(2) Tim Ziegenfuss, Lonnie Lowery, and Peter Lemon. Acute fluid volume changes in men during three days of creatine supplementation. JEPonlineVol 1 No 3 1998.
(3) Dieter Hauussinger, Florian Lang, Kathrin Bauers, and Wolfgang Gerok. Interactions between glutamine metabolism and cell-volume regulation in perfused rat liver. European Journal of Biochemistry 1989; 89: 1153.
(4) Dieter Hauussinger, Erich Roth, Florian Lang, and Wolfgang Gerok. Cellular hydration state: an important determinant of protein catabolism in health and disease. Lancet 1993; 341: 1330-1332.
(5) Ingwall, J.S., C.D. Weiner, M.F. Morales, E. Davis, and F.E. Stockdale. Specificity of creatine in the control of muscle protein synthesis. J Cell Biol 1974;63:145-151.
(6) Deiter Haussinger and Florian Lang. Cell volume in the regulation of hepatic function: a mechanism of metabolic control. Biochemica et Biophysica Acta 1991; 1071: 331-350.
(7) Barbera Stoll, Wolfgang Gerok, Florian Lang, and Dieter Haussinger. Liver cell volume and protein synthesis. Biochemical Journal 1992; 287: 217-222.
(8) S.M. Hughes, and S. Schiaffino. Control of muscle fiber size: a critical factor in ageing. Acta Physilogica Scandinavica 1999; 167 (4): 307.
(9) Stephan Dahl, Christian Hallbrucker, Florian Lang, DieterHaussinger. Regulation of cell volume in the perfused rat liver by hormones. Biochem J (1991) 280, 105-109.
(10) Siegfried Waldegger, et al. Effect of Cellular Hydration on Protein Metabolism. Mineral Electrolyte Metabolism 1997; 23: 201-205.
(11) Dieter Haussinger, F Lang, W Gerok. Regulation of cell function by the cellular hydration state. Am J. Physiolo. 267 (Endocrinol. Metab. 30): E343-E355, 1994.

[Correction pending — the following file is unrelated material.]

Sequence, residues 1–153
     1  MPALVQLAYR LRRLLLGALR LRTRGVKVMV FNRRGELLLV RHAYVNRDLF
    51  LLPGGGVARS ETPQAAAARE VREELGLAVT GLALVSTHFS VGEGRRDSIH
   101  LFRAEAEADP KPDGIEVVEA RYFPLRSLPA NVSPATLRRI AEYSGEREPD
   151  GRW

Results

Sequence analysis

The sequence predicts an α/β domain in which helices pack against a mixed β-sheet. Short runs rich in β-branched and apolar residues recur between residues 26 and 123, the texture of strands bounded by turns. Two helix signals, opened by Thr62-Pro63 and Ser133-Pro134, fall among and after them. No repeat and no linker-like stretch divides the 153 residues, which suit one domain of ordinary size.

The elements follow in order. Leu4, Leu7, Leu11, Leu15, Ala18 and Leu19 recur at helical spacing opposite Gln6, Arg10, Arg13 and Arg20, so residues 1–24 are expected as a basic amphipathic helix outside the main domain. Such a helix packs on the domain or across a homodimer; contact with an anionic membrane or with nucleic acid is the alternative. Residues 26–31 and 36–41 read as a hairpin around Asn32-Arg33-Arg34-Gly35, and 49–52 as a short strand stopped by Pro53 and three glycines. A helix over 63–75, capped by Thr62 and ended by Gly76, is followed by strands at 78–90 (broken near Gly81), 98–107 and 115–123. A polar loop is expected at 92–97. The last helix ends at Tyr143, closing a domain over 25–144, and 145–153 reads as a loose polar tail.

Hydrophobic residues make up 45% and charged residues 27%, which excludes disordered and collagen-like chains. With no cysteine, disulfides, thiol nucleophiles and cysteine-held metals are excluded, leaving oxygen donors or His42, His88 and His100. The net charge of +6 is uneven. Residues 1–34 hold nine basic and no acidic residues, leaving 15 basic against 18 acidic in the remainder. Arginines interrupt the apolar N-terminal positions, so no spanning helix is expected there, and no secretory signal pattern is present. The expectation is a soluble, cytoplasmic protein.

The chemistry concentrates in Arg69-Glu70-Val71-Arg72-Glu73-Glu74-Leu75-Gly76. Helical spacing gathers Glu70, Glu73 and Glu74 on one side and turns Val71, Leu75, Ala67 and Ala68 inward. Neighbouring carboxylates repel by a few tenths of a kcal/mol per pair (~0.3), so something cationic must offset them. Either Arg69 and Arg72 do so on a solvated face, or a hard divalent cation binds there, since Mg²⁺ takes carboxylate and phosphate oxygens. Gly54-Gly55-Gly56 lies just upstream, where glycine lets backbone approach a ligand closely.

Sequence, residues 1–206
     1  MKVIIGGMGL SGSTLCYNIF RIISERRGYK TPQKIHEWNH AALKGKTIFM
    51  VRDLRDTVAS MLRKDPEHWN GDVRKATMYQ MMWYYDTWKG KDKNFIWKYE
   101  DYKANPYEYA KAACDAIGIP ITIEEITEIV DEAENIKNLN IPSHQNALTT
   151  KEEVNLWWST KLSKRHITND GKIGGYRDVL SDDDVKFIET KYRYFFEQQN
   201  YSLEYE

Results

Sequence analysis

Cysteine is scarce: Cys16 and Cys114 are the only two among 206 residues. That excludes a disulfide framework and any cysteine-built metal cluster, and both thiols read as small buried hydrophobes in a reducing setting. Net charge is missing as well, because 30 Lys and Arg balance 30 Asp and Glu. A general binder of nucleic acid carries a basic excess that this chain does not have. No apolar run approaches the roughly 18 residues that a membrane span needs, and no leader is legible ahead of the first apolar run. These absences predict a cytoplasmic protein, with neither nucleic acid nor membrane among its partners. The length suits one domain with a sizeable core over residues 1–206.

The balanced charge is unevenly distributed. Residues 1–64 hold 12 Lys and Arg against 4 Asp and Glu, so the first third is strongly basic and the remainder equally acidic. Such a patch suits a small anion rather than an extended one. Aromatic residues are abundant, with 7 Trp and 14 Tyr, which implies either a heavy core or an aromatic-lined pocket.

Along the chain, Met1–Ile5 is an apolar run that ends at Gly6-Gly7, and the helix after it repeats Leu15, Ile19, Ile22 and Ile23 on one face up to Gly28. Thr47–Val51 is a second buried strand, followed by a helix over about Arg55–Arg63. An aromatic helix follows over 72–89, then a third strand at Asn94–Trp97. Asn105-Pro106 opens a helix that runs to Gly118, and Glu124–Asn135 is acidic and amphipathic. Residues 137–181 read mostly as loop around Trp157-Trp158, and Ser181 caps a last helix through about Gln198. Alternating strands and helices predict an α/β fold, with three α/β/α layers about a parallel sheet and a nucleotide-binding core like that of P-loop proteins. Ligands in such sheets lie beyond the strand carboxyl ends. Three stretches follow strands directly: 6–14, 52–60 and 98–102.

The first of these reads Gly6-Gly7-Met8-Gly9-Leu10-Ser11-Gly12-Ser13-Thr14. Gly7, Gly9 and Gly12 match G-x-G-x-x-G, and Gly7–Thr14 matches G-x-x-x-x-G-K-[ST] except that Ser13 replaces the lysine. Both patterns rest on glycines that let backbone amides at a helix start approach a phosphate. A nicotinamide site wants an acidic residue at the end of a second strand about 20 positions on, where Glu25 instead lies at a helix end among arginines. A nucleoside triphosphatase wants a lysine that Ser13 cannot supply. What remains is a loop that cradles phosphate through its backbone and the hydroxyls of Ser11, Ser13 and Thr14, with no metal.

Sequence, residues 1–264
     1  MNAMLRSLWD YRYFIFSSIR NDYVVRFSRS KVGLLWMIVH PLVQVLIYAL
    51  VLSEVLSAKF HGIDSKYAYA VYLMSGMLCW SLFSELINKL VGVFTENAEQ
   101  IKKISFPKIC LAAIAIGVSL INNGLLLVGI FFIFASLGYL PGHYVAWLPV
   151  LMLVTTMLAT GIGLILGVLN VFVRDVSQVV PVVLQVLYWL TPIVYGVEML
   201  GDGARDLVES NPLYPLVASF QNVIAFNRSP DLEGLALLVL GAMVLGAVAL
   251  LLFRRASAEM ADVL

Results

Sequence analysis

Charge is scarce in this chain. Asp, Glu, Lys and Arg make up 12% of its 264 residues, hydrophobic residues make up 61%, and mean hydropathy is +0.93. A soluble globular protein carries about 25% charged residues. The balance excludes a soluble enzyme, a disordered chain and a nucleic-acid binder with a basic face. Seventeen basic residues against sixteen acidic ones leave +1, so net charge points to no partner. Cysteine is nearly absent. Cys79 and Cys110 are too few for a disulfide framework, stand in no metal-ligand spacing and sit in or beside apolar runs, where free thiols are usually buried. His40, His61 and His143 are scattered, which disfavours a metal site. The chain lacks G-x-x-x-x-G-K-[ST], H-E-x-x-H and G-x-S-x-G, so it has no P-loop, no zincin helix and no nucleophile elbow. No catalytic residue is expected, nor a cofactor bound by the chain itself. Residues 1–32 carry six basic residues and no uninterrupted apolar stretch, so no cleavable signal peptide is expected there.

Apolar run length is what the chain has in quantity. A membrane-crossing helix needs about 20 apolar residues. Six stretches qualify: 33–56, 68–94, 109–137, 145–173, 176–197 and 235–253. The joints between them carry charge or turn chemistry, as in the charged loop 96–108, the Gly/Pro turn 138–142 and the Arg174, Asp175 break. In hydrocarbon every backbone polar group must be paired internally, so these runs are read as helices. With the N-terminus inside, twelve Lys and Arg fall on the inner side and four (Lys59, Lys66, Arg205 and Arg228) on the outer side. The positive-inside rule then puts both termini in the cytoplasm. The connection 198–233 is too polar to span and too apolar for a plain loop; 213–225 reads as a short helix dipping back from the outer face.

(12) SY Low, MJ Rennie, PM Taylor. Modulation of glycogen synthesis in rat skeletal muscle by changes in cell volume. J Physiol (Lond). 1996 Sep 1;495 ( Pt 2):299-303.
(13) JL Ivy. Glycogen resynthesis after exercise: effect of carbohydrate intake.Int J Sports Med. 1998 Jun;19 Suppl 2:S142-5.
(14) KM Zawadzki, BB Yaspelkis, JL Ivy. Carbohydrate-protein complex increases the rate of muscle glycogen storage after exercise. J Appl Physiol. 1992 May;72(5):1854-9.
(15) PL Greenhaff, A Casey, AH Short, R Harris, K Soderlund, E Hultman. Influence of oral creatine supplementation of muscle torque during repeated bouts of maximal voluntary exercise in man.Clin Sci (Colch). 1993 May;84(5):565-71.
(16) Tim Ziegenfuss, Lonnie Lowery, and Peter Lemon. Acute fluid volume changes in men during three days of creatine supplementation. JEPonlineVol 1 No 3 1998.
(17) M Rennie, A Ahmed, et al. Glutamine metabolism and transport in skeletal muscle and heart and their clinical relevance. The Journal of Nutrition 1996; 126: 1142S -1149S.
(18) D Rowbottom, D Keast, A Morton. The Emerging Role of Glutamine as an Indicator of Exercise Stress and Overtraining. Sports Medicine. 1996, Feb 21 (2); 80-97.
Of course, if you want a complete guide to doing this yourself, I strongly recommend you pick up a copy of Precision Nutrition, where I’ll show you in great detail exactly what to do.
About the Author Dr. John M. Berardi PhD, CSCS
Dr. Berardi’s philosophy is simple: people from all walks of life, from soccerstars to soccer coaches to soccer moms, should have access to the most recentdevelopments in health, exercise, and nutrient science. Dr. Berardi and his company,Precision Nutrition, Inc. have one purpose: to take the latest in advanced nutritionresearch and teach it to others in a way that doesn’t take an advanced degree tofigure out. Dr. Berardi has earned a doctoral degree from the University of WesternOntario (2005) with a specialization in the area of exercise biology and nutrientbiochemistry. Prior to his doctoral studies, Dr. Berardi studied Exercise Scienceat Eastern Michigan University (Masters program; 1999) as well as Health Science,Psychology, and Philosophy at Lock Haven University (Undergraduate program; 1997).Currently, Dr. Berardi is an adjunct professor of Exercise Science at the Universityof Texas at Austin. Through his company, Precision Nutrition, Inc., Dr. Berardi hasworked in the exercise and nutrition arena for over a decade, working with individualsfrom all walks of life, from the sedentary to athletes at the highest level of sport.www.Precision-Nutrition.com